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Original Research: COPD |

Prevalence and Localization of Pulmonary Embolism in Unexplained Acute Exacerbations of COPD: A Systematic Review and Meta-analysis

Floor E. Aleva, MD; Lucas W.L.M. Voets, BSc; Sami O. Simons, MD, PhD; Quirijn de Mast, MD, PhD; André J.A.M. van der Ven, MD, PhD; Yvonne F. Heijdra, MD, PhD
Author and Funding Information

FUNDING/SUPPORT: The authors have reported to CHEST that no funding was received for this study.

aDepartment of Respiratory Medicine, Radboud University Medical Center, Nijmegen, The Netherlands

bDepartment of Internal Medicine, Radboud University Medical Center, Nijmegen, The Netherlands

CORRESPONDENCE TO: Floor E. Aleva, MD, Department of Respiratory Medicine, Radboud University Medical Center, Geert Grooteplein-Zuid 10, 6525 GA, Nijmegen, The Netherlands


Copyright 2016, American College of Chest Physicians. All Rights Reserved.


Chest. 2017;151(3):544-554. doi:10.1016/j.chest.2016.07.034
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Background  Patients with COPD experience episodes of increased inflammation, so-called acute exacerbations of COPD (AE-COPD). In 30% of AE-COPD cases, no clear cause is found. Since there is well-known cross talk between inflammation and thrombosis, the objectives of this study were to determine the prevalence, embolus localization, clinical relevance, and clinical markers of pulmonary embolism (PE) in unexplained AE-COPD.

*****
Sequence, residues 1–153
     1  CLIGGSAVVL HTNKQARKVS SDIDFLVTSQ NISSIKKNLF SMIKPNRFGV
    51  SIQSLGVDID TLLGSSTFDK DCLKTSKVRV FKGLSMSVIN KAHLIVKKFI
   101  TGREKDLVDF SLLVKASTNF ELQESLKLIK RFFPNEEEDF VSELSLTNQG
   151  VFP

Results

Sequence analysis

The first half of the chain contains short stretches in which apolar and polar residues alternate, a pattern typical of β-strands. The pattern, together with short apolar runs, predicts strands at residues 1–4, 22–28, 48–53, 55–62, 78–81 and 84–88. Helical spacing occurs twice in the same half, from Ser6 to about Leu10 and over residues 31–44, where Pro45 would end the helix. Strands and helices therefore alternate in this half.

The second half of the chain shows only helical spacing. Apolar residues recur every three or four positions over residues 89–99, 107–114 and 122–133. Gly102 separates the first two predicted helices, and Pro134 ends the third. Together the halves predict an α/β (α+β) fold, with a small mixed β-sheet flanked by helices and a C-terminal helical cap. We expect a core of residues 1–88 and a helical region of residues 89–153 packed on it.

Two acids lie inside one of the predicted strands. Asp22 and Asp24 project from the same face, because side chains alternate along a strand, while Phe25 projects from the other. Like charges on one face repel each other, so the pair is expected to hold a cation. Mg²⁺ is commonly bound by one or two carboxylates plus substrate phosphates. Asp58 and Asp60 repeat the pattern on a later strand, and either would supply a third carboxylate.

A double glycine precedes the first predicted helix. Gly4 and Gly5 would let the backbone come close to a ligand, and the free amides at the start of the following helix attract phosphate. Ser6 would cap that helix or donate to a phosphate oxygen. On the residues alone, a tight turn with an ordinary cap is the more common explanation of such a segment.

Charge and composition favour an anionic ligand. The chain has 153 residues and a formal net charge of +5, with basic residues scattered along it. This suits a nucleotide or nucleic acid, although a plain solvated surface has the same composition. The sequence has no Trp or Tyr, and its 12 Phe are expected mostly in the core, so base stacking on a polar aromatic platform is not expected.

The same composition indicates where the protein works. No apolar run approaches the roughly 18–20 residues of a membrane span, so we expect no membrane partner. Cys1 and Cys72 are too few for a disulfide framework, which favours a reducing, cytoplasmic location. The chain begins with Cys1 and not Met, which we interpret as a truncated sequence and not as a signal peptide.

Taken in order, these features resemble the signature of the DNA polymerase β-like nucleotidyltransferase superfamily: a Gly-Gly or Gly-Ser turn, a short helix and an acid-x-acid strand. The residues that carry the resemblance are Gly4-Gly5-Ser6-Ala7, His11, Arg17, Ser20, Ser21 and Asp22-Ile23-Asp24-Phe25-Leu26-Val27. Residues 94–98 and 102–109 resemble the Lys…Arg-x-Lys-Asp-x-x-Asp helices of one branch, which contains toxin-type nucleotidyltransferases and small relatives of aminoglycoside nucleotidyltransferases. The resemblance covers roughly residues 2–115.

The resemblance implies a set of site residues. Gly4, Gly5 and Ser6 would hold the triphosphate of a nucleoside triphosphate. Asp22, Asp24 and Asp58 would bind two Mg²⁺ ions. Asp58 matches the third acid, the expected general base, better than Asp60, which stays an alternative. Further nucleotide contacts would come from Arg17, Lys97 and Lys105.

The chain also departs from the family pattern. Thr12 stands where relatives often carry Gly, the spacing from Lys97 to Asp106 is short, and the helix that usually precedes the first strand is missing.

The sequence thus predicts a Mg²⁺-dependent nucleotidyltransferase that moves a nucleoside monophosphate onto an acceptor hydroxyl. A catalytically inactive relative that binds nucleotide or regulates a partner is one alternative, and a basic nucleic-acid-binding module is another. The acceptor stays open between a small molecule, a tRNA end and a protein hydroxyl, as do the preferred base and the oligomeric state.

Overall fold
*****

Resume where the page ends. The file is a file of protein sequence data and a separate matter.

Methods  A systematic search was performed using MEDLINE and EMBASE platforms from 1974 to October 2015. Prospective and cross-sectional studies that included patients with AE-COPD and used pulmonary CT-angiography for diagnosis of PE were included.

Results  The systematic search resulted in 1,650 records. The main reports of 22 articles were reviewed, and 7 studies were included. The pooled prevalence of PE in unexplained AE-COPD was 16.1% (95% CI, 8.3%-25.8%) in a total of 880 patients. Sixty-eight percent of the emboli found were located in the main pulmonary arteries, lobar arteries, or interlobar arteries. Mortality and length of hospital admission seemed to be increased in patients with unexplained AE-COPD and PE. Pleuritic chest pain and cardiac failure were more frequently reported in patients with unexplained AE-COPD and PE. In contrast, signs of respiratory tract infection was less frequently related to PE.

Conclusions  PE is frequently seen in unexplained AE-COPD. Two-thirds of emboli are found at locations that have a clear indication for anticoagulant treatment. These findings merit clinical attention. PE should receive increased awareness in patients with unexplained AE-COPD, especially when pleuritic chest pain and signs of cardiac failure are present, and no clear infectious origin can be identified.

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